MONTGOMERY, Ala. (AP) — Alabama Republicans who pushed through the nation's toughest law against illegal immigrants are having second thoughts amid a backlash from big business, fueled by the embarrassing traffic stops of two foreign employees tied to the state's prized Honda and Mercedes plants.
The Republican attorney general is calling for some of the strictest parts of it to be repealed.
Some Republican lawmakers say they now want to make changes in the law that was pushed quickly through the legislature.
Gov. Robert Bentley, who signed the law, said he's contacting foreign executives to tell them they and their companies are still welcome in Alabama.
"We are not anti-foreign companies. We are very pro-foreign companies," he said.
Luther Strange, the attorney general who's defending the law in court, this week recommended repealing sections that make it a crime for an illegal immigrant to fail to carry registration documents and that require public schools to collect information on the immigration status of students. Both sections have been put on hold temporarily by a federal court.
Two foreign workers for Honda and Mercedes were recently stopped by police for failing to carry proof of legal residency. The cases were quickly dropped, but not without lots of international attention that Alabama officials didn't want.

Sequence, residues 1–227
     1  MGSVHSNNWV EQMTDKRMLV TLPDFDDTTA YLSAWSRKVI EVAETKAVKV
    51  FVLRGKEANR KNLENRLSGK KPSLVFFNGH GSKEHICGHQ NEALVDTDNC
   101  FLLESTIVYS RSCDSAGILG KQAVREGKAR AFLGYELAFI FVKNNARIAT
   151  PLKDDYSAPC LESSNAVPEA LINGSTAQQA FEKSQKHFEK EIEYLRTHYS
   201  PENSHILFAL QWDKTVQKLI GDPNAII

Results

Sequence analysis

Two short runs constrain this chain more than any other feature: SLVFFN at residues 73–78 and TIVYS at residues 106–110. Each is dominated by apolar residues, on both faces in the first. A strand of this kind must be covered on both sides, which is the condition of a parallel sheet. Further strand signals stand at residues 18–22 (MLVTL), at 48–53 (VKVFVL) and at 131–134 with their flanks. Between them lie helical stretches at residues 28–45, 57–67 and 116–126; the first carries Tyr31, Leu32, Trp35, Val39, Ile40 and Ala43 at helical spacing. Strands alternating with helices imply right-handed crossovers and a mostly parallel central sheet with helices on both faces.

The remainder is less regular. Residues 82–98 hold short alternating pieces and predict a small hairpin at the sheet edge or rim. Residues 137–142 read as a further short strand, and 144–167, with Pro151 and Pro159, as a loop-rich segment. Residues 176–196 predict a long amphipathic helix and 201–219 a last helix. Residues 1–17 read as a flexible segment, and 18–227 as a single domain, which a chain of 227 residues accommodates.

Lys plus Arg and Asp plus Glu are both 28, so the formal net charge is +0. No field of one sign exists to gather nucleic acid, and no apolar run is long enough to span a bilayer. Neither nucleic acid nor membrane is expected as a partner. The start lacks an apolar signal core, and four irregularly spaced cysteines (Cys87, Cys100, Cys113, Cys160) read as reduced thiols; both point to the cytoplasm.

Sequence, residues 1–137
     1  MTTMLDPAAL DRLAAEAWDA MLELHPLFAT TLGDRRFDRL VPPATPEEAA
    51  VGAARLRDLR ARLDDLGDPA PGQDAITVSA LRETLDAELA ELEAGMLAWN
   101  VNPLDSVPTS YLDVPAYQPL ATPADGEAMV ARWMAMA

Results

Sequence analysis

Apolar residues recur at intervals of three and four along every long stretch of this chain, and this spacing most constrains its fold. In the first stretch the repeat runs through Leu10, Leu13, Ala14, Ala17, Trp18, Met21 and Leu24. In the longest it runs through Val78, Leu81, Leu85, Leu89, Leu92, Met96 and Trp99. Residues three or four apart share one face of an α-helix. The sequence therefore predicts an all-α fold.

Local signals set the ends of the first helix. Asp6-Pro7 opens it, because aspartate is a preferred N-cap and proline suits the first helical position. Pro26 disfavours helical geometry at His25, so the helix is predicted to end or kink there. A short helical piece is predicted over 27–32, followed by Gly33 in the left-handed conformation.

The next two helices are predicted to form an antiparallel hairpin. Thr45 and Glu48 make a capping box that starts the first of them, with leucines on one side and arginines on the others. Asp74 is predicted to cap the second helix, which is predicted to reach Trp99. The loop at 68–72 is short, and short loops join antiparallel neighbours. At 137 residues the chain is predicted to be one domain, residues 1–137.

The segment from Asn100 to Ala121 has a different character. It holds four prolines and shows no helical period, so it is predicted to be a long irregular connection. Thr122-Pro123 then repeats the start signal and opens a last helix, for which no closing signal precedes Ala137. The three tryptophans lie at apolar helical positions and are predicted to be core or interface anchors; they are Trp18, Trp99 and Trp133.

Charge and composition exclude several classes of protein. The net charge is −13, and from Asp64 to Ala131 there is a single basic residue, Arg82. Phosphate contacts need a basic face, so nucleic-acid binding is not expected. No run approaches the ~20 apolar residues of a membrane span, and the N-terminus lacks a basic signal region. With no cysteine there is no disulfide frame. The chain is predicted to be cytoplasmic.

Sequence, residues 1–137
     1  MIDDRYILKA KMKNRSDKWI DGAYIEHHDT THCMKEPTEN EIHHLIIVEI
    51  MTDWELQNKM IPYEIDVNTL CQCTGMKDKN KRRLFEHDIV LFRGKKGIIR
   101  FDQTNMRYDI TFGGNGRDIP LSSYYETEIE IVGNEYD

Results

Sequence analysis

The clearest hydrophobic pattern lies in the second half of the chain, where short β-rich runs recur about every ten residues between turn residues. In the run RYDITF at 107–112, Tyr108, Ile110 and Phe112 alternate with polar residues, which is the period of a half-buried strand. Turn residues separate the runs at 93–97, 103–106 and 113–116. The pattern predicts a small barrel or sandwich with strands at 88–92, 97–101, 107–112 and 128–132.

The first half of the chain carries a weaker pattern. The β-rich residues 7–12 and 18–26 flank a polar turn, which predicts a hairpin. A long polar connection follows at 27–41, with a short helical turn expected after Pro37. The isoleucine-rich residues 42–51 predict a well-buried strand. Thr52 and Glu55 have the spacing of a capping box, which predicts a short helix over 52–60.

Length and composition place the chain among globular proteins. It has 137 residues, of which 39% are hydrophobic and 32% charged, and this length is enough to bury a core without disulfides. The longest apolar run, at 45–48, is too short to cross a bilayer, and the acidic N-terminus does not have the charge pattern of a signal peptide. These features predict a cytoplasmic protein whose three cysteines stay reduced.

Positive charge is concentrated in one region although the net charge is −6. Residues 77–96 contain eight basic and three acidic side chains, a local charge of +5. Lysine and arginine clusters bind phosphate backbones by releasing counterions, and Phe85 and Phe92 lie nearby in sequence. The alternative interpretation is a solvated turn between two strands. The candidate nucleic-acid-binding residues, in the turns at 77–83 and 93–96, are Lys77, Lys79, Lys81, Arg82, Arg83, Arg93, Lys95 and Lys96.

One of the groups challenging the law in court said the auto workers' cases turned public opinion.
"Suddenly the reality of what the state has done hit people in the face," said Richard Cohen, president of the Southern Poverty Law Center.
Before 2011, Republicans tried repeatedly to pass an immigration law but were always stopped by the dominant Democrats. That changed when Alabama voters elected a Republican legislative super majority — the first since Reconstruction. The result was a law described by critics and supporters as the toughest and most comprehensive in the nation.
It requires a check of legal residency when conducting everyday transactions such as buying a car license, enrolling a child in school, getting a job or renewing a business license. After the U.S. Justice Department and other groups challenged the law, the federal courts put some portions on hold, but major provisions took effect in late September.
Alabama suddenly found itself at the center of the nation's immigration debate, ahead of other states with tough laws, including Arizona, Georgia and South Carolina.
Within Alabama, much of the debate is within the business community that helped fund Republicans' new strength.
The Birmingham Business Alliance this week called for revisions in the law, expressing worry that it's tainting Alabama's image around the world. The group also said complying with the law is a burden for businesses and local governments, but did not offer specific changes.
James T. McManus, chairman of the Alliance and CEO of one of the state's largest businesses, the Energen Corp., said revisions "are needed to ensure that momentum remains strong in our competitive economic development efforts."
In Thomasville, a town of 4,700 about 80 miles southwest of Montgomery, Mayor Sheldon Day worries about recruiting industries.